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Monthly Archives: June 2012

Last year the Indiana legislature passed the no texting while driving law, which banned drivers from writing and reading texts or emails while driving. At the time the law was heralded by its proponents as sending a strong message to the public about the dangers of texting and driving.

With the adoption of the no texting and emailing law Indiana joined thirty nine other states in banning this practice while driving. However, even as the law was being debated and passed it already had its detractors. These detractors didn’t complain that the law shouldn’t exist, but instead said that while its intention was good, it was not drafted well to prevent all distracted driving caused by handheld devices, nor would it be easy to enforce.

The law, as ultimately passed, has been codified at Indiana Code 9-21-8-59 , and states as follows:

(a) A person may not use a telecommunication device to:
(1) type a text message or an electronic mail message;
(2) transmit a text message or an electronic mail message; or
(3) read a text message or an electronic mail message;
while operating a moving motor vehicle unless the device is used in conjunction with hands free or voice operated technology, or unless the device is used to call 911 to report a bona fide emergency.
(b) A police office may not confiscate a telecommunications device for the purpose of determining compliance with this section or confiscate a telecommunications device and retain it as evidence pending trial for a violation of this section.

The complaints that were made about the law, as written, included:

• Loopholes in prohibited conduct, including that while typing and reading of texts and emails were prohibited, talking on a cell phone, dialing numbers, and playing games and surfing the Internet on a smart phone were not.

• Detection by law enforcement would be difficult: How can a police officer know that the person is texting or emailing, versus looking at their phone’s GPS for example to have reasonable suspicion to pull them over?

• Enforcement by officers would be difficult: Once someone is stopped for texting and driving, how can an officer prove that is what they were doing? It really comes down to whether the person admits it or not, since they can say they were just doing something not prohibited and there is no way to rebut that claim since police are forbidden from confiscating the phone to see what had just been done on it.

The texting law went into effect here in the state in July 2011. That means we are coming up on the year anniversary of its effective date, so it’s a good time to check in with law enforcement officers to see how well the law is working, and how enforcement is going. Unfortunately, several newspapers and other news agencies throughout Indiana have reported that the concerns about the drafting of this law were valid. In fact, Indiana law enforcement officers have found the law is toothless because of the huge exceptions and loopholes, as well as finding it difficult to enforce.

Because of these problems it has been reported that there have been few texting tickets handed out across the state. For instance, the Indianapolis police department has handed out only seven such tickets since the law’s inception, while the Indiana State Police have only handed out 125 total, with an additional 114 warnings. Further, in the first half of 2012 Carmel officers issued 10 tickets, Noblesville one, and Fishers, zero.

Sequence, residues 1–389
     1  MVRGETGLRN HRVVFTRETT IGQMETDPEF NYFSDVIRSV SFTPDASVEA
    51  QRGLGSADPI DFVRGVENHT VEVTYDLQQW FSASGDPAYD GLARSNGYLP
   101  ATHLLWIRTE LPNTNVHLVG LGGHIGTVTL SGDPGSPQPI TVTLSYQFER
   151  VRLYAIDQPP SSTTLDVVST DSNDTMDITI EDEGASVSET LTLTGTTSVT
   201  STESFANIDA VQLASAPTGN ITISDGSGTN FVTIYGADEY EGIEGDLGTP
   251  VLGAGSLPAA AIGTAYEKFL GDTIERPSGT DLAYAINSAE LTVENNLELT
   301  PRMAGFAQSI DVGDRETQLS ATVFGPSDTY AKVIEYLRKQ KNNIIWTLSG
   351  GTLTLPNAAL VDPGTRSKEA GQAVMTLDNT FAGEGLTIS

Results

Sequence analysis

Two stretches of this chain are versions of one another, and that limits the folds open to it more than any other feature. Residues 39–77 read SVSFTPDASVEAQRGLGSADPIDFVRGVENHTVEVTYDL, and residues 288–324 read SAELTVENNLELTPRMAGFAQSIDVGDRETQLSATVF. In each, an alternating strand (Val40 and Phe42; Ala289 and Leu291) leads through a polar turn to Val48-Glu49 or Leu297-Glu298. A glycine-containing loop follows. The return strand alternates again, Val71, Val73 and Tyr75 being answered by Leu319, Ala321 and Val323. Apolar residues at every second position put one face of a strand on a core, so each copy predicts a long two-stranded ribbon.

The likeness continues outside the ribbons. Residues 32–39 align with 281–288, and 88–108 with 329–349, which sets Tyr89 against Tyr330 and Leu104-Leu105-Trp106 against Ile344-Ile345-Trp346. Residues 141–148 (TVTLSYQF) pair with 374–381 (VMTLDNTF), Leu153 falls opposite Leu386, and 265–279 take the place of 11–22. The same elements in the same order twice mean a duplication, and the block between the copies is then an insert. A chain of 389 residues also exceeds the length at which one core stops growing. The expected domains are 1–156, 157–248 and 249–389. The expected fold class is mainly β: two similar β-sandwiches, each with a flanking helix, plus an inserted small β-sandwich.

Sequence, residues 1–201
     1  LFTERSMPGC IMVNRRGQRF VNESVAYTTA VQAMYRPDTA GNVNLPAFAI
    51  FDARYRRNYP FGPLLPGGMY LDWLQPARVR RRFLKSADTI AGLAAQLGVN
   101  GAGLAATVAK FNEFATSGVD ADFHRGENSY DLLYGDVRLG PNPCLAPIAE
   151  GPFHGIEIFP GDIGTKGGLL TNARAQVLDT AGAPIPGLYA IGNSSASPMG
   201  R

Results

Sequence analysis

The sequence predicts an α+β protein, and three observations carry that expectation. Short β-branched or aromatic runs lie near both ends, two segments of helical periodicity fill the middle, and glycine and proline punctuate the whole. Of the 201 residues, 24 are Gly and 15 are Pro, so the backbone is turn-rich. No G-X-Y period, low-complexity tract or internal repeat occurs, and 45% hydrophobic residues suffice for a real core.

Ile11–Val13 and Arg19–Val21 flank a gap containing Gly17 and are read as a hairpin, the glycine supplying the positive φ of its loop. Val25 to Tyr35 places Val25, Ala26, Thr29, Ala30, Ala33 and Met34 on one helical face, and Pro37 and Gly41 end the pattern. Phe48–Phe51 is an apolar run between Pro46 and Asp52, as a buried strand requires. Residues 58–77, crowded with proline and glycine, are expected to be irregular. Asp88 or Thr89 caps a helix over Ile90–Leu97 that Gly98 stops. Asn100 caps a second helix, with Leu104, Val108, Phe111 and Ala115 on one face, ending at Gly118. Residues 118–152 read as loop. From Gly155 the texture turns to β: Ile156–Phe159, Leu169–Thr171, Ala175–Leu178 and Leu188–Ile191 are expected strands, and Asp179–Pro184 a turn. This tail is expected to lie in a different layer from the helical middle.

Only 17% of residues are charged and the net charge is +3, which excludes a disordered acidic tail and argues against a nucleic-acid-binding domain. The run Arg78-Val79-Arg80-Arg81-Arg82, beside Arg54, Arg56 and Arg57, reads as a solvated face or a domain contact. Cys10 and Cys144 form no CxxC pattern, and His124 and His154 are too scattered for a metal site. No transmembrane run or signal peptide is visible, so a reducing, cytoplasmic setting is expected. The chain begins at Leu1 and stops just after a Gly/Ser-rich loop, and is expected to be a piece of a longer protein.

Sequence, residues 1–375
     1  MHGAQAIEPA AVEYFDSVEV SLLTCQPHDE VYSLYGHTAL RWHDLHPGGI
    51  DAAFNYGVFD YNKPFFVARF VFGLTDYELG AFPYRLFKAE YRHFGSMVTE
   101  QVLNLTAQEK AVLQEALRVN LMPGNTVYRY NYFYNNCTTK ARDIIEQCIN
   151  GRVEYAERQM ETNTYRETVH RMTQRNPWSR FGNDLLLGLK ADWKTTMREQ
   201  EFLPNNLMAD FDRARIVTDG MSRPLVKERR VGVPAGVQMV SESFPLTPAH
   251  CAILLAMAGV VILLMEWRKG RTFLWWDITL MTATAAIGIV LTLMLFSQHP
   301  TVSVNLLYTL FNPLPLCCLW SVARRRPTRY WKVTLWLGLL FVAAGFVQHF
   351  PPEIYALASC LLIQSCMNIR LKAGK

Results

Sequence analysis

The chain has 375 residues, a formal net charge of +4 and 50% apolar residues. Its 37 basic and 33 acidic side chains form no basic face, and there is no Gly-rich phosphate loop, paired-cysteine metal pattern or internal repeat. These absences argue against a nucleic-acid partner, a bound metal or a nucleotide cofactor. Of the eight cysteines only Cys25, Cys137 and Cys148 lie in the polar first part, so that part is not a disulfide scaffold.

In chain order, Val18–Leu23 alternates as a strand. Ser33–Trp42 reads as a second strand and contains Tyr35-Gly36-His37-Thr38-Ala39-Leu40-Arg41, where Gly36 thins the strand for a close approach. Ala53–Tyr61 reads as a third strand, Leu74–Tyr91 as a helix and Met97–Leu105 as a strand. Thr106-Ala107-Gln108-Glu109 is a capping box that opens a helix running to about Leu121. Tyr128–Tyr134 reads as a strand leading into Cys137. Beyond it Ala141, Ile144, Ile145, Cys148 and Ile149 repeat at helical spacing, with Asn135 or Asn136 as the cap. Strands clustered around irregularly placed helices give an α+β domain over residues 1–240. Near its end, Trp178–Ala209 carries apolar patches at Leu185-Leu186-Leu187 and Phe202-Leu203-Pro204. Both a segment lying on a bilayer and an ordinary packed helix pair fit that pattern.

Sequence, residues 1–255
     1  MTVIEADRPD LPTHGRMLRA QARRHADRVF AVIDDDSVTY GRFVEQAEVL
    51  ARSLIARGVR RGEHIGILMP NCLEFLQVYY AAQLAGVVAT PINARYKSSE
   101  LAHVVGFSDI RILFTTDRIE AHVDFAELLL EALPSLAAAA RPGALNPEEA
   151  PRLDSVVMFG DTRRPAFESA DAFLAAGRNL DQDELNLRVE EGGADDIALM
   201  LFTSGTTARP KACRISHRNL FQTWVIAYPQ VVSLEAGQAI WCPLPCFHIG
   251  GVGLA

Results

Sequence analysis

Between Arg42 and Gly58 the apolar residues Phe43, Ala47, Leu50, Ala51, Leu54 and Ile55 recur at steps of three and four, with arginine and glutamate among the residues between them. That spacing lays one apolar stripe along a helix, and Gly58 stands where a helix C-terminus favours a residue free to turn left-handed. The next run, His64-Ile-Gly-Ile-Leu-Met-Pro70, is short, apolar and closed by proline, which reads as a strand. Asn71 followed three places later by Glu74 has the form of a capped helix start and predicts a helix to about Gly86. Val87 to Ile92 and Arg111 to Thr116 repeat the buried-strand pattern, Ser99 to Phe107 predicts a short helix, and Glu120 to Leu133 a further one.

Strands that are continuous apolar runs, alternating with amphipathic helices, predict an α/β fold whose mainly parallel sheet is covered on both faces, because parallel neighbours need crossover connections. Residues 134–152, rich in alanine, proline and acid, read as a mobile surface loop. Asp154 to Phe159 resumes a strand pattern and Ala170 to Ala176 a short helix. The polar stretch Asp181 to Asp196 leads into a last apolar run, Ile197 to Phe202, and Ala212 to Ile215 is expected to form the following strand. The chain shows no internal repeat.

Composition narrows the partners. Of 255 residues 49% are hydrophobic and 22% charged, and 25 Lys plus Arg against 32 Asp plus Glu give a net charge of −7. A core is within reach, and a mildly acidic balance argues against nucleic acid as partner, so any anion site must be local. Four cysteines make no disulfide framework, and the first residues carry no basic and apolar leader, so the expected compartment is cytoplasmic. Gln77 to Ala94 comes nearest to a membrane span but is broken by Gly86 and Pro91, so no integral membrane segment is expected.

Although the law may have made some Indiana citizens think twice about texting and driving, which is a good thing, it obviously isn’t effective enough from a deterrent standpoint for many who wantonly text and drive. This is a safety problem for the state of Indiana, and should be rectified with the legislature as soon as possible. Law enforcement officers are calling for a broader ban on handheld devices while driving to help make the roads of Indiana safer for everyone, and enforcement easier for them. Their advice is sound, and should be heeded.

Those who use the social networking site LinkedIn.com should be alert to investment fraud on the site. A possible multi-billion dollar investment scam has surfaced which should make users cautious before going after any too-good-to-be-true online offer. Regulators say LinkedIn has become another online platform for promoting bogus investments.

Mario Massillamany-Attorney

The Securities and Exchange Commission (SEC) filed an enforcement actions in January against Anthony Fields, an Illinois-based investment adviser, alleged to have made fraudulent offers in excess of $500 billion in false securities through different social media networks.

“Fraudsters are quick to adapt to new technologies to exploit them for unlawful purposes. Social media is no exception, and today’s enforcement action reflects our determination to pursue fraudulent activity on new and evolving platforms” said Robert Kaplain, co-chief of the asset management unit of the SEC’s enforcement division – Source.

Fields is accused of using false and misleading information in SEC filings when he represented himself as a broker-dealer (even though he wasn’t registered with the SEC) and failed to keep mandatory records.

The case exemplifies the effort in Washington to crack down on fraudulent investment schemes.  The SEC’s case is centered around Field’s use of the website LinkedIn. He has allegedly posted fake “bank guarantees” and “medium-term notes” supposedly tied to J P Morgan Chase, UBS and other large banks – Source.

More than 135 million professionals around the world are on LinkedIn.com. It is a website predominately used to highlight the skills, talents and professional experiences of its users. It functions as an online resume, with many working, professional, career-driven and/or job-searching persons using it for present and future employment efforts.

[Source: getoutofdebt.org]